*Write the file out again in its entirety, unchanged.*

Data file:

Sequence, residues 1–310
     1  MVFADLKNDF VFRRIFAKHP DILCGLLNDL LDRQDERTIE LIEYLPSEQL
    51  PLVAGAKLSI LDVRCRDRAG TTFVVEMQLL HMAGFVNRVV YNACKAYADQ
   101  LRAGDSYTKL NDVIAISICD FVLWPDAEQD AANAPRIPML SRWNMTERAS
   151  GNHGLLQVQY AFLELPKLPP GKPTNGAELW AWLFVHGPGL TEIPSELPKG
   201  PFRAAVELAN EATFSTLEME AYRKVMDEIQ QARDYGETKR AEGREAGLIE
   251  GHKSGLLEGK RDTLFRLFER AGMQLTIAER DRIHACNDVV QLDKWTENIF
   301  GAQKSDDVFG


Sequence, residues 1–310
     1  MVFADLKNDF VFRRIFAKHP DILCGLLNDL LDRQDERTIE LIEYLPSEQL
    51  PLVAGAKLSI LDVRCRDRAG TTFVVEMQLL HMAGFVNRVV YNACKAYADQ
   101  LRAGDSYTKL NDVIAISICD FVLWPDAEQD AANAPRIPML SRWNMTERAS
   151  GNHGLLQVQY AFLELPKLPP GKPTNGAELW AWLFVHGPGL TEIPSELPKG
   201  PFRAAVELAN EATFSTLEME AYRKVMDEIQ QARDYGETKR AEGREAGLIE
   251  GHKSGLLEGK RDTLFRLFER AGMQLTIAER DRIHACNDVV QLDKWTENIF
   301  GAQKSDDVFG